Art shows and events are carefully planned down to the last detail in order to create just the right atmosphere. Patrons are meant to feel comfortable and relaxed while browsing through the work. This is why food is usually available on site, in particular on the event's opening night. The food must be set up much in the same way as the art, so that it is complementary and accessible. Food can be displayed at an art gallery event in a few steps.
Set up the table. Select a table that is no wider than half of the room's length. It is not meant to be the central focus of the event, but it should be large enough to fit a good amount of food.
Place the table at least 2 feet away from the wall that is straight ahead when walking through the door. This will make it visible and inviting, and easy to navigate around while viewing the work.
Place a tablecloth over top of the table. Black table cloths are a good choice, as they don't detract from the art work.
Arrange appetizers and desserts in an artful way on their plates, suiting the event's theme if possible. For example, if the theme is "Spring Fling," arrange the items on each plate into the shape of a flower.
Set the appetizers on the end of the table that is closest to the entrance. Only place one plate of each individual appetizer to start.
Place any "main course" type dishes at the center of the table, setting only one plate of each option out to start. Common main course dishes include small sandwiches, sushi and pizza.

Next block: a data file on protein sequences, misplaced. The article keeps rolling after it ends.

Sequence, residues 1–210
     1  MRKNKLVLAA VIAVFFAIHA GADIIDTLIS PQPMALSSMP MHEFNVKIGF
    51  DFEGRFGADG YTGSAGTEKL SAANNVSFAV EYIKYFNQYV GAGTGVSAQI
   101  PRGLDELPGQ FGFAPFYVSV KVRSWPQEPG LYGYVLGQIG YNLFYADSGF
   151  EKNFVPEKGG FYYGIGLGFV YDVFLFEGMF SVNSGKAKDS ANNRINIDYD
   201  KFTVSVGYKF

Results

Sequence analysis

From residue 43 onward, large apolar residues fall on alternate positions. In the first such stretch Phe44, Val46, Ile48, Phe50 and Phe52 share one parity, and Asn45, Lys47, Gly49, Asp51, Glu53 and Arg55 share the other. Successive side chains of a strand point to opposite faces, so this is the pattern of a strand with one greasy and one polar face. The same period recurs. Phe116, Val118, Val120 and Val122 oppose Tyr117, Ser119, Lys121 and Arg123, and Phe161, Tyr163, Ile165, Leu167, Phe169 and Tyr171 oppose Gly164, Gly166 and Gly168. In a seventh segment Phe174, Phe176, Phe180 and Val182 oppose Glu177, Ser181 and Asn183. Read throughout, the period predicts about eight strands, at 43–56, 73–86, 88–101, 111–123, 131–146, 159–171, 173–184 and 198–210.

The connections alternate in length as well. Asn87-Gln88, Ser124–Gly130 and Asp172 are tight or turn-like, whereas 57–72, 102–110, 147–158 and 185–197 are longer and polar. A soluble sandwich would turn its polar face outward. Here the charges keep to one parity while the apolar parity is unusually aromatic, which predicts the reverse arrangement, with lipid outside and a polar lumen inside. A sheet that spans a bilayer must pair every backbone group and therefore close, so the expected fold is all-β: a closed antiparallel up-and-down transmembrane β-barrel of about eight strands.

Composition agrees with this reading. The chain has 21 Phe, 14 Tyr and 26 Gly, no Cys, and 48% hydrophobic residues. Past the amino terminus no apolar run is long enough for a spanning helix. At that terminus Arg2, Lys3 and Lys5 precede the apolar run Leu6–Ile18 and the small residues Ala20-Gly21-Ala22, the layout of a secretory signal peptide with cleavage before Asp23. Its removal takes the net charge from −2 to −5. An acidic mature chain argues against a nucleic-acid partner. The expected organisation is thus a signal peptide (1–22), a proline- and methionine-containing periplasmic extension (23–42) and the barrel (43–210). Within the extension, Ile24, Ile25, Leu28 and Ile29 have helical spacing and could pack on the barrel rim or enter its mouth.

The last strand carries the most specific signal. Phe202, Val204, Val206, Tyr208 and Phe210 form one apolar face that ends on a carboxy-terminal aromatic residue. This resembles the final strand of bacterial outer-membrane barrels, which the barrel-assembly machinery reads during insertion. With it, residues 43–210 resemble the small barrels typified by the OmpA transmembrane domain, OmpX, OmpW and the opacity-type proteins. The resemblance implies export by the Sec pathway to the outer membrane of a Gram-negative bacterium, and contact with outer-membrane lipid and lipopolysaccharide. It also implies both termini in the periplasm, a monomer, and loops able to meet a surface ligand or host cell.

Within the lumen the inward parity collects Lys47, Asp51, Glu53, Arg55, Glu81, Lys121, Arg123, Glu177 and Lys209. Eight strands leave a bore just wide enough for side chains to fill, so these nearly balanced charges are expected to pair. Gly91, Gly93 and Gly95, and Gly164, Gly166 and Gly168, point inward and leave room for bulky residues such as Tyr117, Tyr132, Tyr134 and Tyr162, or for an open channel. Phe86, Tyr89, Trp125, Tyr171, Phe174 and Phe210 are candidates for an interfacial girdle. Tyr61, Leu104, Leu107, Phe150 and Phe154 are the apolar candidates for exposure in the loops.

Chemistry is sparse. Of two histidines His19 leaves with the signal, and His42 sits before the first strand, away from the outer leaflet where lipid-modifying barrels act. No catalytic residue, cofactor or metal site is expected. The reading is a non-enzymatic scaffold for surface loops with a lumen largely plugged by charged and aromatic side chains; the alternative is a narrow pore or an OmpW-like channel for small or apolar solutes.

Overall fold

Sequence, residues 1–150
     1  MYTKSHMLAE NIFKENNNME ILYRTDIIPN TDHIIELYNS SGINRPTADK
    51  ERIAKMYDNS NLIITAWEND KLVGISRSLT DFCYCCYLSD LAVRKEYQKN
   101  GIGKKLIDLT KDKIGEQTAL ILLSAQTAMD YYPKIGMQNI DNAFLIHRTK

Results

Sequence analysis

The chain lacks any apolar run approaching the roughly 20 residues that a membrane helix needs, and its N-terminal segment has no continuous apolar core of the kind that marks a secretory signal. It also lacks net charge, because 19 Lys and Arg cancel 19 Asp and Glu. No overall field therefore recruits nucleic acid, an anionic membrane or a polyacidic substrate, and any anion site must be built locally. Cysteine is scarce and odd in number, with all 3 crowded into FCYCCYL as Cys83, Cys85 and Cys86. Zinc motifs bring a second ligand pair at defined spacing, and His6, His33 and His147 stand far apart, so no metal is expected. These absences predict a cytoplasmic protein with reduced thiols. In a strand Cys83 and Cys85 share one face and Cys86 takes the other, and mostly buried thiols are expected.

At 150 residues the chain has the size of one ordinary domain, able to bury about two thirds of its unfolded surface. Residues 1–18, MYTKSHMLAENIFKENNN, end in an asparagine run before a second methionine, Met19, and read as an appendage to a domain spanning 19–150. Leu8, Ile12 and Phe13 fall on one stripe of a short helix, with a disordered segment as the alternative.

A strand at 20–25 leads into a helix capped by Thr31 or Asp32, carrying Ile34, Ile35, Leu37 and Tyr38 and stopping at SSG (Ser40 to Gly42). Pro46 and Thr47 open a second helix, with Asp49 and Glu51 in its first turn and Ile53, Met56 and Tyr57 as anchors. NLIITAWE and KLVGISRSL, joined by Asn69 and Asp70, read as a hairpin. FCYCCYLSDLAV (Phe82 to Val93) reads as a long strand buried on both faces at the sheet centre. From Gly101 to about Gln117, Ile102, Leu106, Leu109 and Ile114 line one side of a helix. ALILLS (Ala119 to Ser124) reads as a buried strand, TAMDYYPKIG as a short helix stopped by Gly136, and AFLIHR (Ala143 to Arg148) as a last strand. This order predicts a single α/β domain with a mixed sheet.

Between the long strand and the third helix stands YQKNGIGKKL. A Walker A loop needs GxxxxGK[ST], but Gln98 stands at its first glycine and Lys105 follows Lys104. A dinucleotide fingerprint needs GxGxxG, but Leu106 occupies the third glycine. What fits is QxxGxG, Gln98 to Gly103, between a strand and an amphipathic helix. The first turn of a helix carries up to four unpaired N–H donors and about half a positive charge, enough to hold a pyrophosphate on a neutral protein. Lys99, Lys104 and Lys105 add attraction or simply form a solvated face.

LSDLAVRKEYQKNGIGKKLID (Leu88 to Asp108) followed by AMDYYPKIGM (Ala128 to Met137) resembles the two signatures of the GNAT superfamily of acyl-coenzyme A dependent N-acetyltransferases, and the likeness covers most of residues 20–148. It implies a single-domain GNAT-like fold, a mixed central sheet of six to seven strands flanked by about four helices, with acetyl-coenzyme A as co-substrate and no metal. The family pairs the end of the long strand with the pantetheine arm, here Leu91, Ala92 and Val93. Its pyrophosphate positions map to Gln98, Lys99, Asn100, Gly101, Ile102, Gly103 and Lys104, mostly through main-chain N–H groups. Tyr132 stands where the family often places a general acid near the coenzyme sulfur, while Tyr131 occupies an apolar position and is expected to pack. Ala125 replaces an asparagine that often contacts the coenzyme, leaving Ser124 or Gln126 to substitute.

Place deserts at the farthest end of the table. Common deserts include cake that has already been sliced, and cookies.
Place plates, cutlery and napkins next to the appetizers. Use glass plates and silver cutlery in lieu of throw-away utensils.
Have individuals assigned to walk around serving wine. They should have wine that is already poured on trays, ready to distribute.
Place wine glasses and a nonalcoholic beverage at the end of the serving table. Punch that is kept fresh in a bowl with ice is a good choice. Simply place a ladle in the bowl so that guests can easily serve themselves.
Rotate food out as it disappears. Have new plates of each serving prepared to be set in place once one plate is gone. Setting solely one plate of each dish out at a time gives the table a cleaner and less crowded look.
Add decorations to the table. At the center of the table, place a vase of fresh flowers if there is room. If not, distribute flower petals across the table. Stick to the event's theme when adding additional decorations, perhaps placing some handwritten literary quotes around the table for an exhibition inspired by books.